Medicare and Health Savings Accounts – A Bad Mix

By Michele A. Lazzara  |  August 4, 2021

When I speak with my taxpayer clients about retirement issues, I always advise them to educate themselves on Medicare well before they reach their mandatory enrollment age. This includes consulting with their employer’s human resources advisors, if possible, and going to medicare.gov to find remarkably easy-to-follow information. Medicare is a life-long benefit that doesn’t have to be scary or confusing, but it all starts with understanding your rights and obligations.

It’s important to get the Medicare process right, and much of that has to do with timing. There are many good guides from health care providers that describe how to sign up for Medicare, but the key is to get started early.  Medicare Part A, which covers hospitalization, is automatic and free when you reach age 65 and are already receiving Social Security. Part B covers medical services like doctor visits, and Part D covers prescription drugs – these latter two, after deductibles, generally require payments by enrollees.

Here’s where the timing issue comes in. Failing to sign up for Part B when you are first eligible to enroll may result in a premium increase of 10% for every 12 months you could have had Part B. This is a lifetime penalty that you will incur each time you pay your premium. The penalty increases the longer you go without coverage. For example, your enrollment period ended Dec. 31, 2020, but you waited until January 1, 2023 to sign up. Your premium penalty would be 20%, and would continue as long as you have Part B. This is a costly and avoidable mistake.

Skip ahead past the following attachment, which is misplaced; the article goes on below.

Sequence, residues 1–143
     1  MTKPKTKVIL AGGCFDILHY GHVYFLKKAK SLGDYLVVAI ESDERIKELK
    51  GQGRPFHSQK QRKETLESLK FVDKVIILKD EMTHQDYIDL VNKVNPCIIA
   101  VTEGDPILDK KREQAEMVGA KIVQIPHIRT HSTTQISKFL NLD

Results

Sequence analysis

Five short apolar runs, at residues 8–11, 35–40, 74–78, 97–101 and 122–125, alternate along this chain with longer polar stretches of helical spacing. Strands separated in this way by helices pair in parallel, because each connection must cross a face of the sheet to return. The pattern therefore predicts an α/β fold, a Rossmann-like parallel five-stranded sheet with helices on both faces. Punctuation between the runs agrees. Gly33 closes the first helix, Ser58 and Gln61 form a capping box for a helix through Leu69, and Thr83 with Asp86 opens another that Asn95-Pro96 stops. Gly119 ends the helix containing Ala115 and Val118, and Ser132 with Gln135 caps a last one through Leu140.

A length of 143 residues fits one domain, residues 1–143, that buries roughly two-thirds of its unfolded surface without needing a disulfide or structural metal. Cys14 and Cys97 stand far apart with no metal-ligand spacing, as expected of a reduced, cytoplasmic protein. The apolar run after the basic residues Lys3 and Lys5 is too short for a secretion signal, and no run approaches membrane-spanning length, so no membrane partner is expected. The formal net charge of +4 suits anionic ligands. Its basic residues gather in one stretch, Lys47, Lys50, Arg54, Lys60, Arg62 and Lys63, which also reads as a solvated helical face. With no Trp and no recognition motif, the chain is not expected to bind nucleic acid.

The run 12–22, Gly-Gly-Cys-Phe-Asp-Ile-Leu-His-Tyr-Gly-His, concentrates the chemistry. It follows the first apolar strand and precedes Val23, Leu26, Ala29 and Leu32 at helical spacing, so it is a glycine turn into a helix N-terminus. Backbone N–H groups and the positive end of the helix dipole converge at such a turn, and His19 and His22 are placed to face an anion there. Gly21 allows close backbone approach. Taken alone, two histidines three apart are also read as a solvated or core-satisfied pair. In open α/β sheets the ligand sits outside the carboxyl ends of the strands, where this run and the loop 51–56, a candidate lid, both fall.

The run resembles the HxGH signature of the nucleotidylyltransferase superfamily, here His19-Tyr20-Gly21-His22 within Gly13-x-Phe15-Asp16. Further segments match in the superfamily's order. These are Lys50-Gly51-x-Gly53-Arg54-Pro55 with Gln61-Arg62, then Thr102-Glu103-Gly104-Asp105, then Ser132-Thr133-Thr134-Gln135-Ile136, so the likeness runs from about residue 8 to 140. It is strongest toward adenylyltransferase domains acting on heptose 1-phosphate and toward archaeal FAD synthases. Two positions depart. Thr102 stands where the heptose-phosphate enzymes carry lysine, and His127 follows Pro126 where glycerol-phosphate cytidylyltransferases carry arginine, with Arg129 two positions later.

But, there is another lurking penalty to avoid if you have set up a Health Savings Account (HSA).  Like so many people who work past age 65, you need to be very clear on the Medicare rules to avoid penalties for excess HSA contributions. This is not an uncommon scenario. In fact, I recently had a client realize that they had been over-contributing to their HSA for six months. They will owe back taxes on any contributions made after their Medicare enrollment date. These contributions will also be considered excess and will be taxed an additional 6%.

In short: Medicare and HSAs don’t mix. You should consider stopping contributions to your HSA six months before you enroll in Medicare to avoid penalties. That’s because contributions to a HSA are disallowed when you are covered under any health plan that is not a high deductible plan (IRC Section 223(c), Health Savings Accounts), including Medicare. Individuals enrolled in Medicare Part A are not permitted to continue funding their HSA account.

These timelines and penalties are well established, so there is little excuse for not knowing the rules or being late in enrollments. This is why it is important to make a Medicare discussion part of your next tax advisor conversation.

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About Michele A. Lazzara

Michele A. Lazzara, CPA, CGMA, is a Partner at Marks Paneth LLP. She has more than 20 years of public accounting experience and provides practical, comprehensive planning, consulting and advisory services to clients in a variety of industries. Her broad background includes experience with corporate/partnership tax planning, financial planning and individual tax planning as well as matrimonial and divorce planning. She has a proven track record serving closely held businesses, nonprofit organizations, professional services firms... READ MORE +


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